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Scientists Discover the Theory behind the Evolution of Universe’s First Quasar

It has been 20 years since the first supermassive black holes in the cosmos were thought to have formed

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Russell Chattaraj
Russell Chattaraj
Mechanical engineering graduate, writes about science, technology and sports, teaching physics and mathematics, also played cricket professionally and passionate about bodybuilding.

UNITED KINGDOM: Dr. Daniel Whalen of Portsmouth university and his team of researchers have discovered that the first quasars spontaneously emerged amid the intense, turbulent conditions of ephemeral gas reservoirs in the early universe. 

Astrophysicists have now found the answer to the nearly 20-year-old enigma of how the universe’s first quasar evolved; their findings have been published in Nature. 

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One of the mysteries in astronomy is how more than 200 quasars fueled by supermassive black holes originated less than a billion years after the Big Bang. This is because their formation was never fully understood. 

It has been 20 years since the first supermassive black holes in the cosmos were thought to have formed, according to Dr. Whalen of the university’s Institute of Cosmology and Gravitation. 

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He also said, “Most big galaxies currently include supermassive black holes at their cores, which can have masses millions or billions of times greater than the sun. But in 2003, we started to discover quasars, which are supermassive black holes that are actively accreting and extremely bright. Quasars are like cosmic lighthouses in the early universe, appearing less than a billion years after the Big Bang. And nobody knew how they came to be at such a young age.” 

According to supercomputer models from a few years back, early quasars could emerge at the intersections of rare, cold, and powerful gas streams. In an area of space a billion light-years big, there were only a dozen of these, but they had to be 100,000 solar masses when they were born. Currently, black holes only reach masses of 10 to 100 solar masses when big stars run out of fuel and collapse. 

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Long-held theories in astrophysics suggested that 10,000–100,000 solar-mass stars formed in the early universe, but only in rare, precisely calibrated environments, such as strong ultraviolet backgrounds or supersonic flows between gas and dark matter, which had nothing in common with the turbulent clouds in which the first quasars formed.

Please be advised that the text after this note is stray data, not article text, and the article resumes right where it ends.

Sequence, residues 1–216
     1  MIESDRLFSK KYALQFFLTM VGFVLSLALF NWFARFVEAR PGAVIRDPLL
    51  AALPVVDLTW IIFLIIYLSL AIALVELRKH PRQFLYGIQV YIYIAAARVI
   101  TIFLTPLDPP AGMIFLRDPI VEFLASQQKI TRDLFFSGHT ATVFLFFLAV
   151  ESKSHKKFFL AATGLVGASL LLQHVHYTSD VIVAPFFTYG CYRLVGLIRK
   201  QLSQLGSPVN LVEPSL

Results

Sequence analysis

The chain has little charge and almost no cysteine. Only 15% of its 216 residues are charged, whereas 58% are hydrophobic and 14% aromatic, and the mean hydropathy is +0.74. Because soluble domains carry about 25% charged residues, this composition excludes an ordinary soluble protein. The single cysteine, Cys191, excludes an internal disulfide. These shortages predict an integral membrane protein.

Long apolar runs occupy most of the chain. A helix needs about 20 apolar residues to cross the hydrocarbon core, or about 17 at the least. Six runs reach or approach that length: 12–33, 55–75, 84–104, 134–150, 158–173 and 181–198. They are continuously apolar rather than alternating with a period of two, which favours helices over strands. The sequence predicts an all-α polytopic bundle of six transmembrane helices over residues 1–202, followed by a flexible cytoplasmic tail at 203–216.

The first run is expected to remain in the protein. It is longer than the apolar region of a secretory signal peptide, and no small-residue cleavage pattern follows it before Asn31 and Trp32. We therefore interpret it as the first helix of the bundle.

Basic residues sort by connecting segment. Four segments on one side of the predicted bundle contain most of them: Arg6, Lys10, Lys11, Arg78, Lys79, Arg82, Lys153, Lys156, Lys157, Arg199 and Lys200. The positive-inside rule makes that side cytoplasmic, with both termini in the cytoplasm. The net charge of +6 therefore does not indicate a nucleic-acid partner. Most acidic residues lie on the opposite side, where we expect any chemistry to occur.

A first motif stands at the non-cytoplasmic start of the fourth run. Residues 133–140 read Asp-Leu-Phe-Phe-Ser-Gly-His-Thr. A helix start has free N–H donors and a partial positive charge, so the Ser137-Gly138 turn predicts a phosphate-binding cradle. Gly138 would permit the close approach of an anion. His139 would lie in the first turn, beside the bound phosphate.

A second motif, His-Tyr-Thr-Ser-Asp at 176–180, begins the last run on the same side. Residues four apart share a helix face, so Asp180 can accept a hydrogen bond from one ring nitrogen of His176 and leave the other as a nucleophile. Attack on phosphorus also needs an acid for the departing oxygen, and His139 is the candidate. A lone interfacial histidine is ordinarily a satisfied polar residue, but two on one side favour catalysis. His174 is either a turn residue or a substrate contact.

We compare these stars to the massive, prehistoric dinosaurs that once roamed the world, according to Dr. Whalen. They too, lived only a quarter of a million years before disintegrating into black holes. 

“Our supercomputer simulations went back to the very beginning and found that the cold, dense streams of gas that could produce a billion solar-mass black holes in just a few hundred million years created their own supermassive stars without any need for peculiar circumstances. 

Until the cloud became so large that it catastrophically collapsed under its own weight, the cold streams caused turbulence in the cloud that prevented regular stars from forming, giving rise to two enormous primordial stars, one of which was 30,000 solar masses and the other of which was 40,000.”

As a result, the only primordial clouds that were capable of producing quasars immediately following cosmic dawn, when the first stars in the universe were born, also by opportune coincidence, produced their own gigantic seeds. The formation of the first quasars as well as their early demographics—their numbers—are explained by this elegantly straightforward result. 

The research article “The Turbulent Origins of the First Quasars” appears in Nature.

Also Read: 10 Years of Higgs Boson Discovery: ATLAS and CMS Publishes Most Detailed Investigations

Author

  • Russell Chattaraj

    Mechanical engineering graduate, writes about science, technology and sports, teaching physics and mathematics, also played cricket professionally and passionate about bodybuilding.

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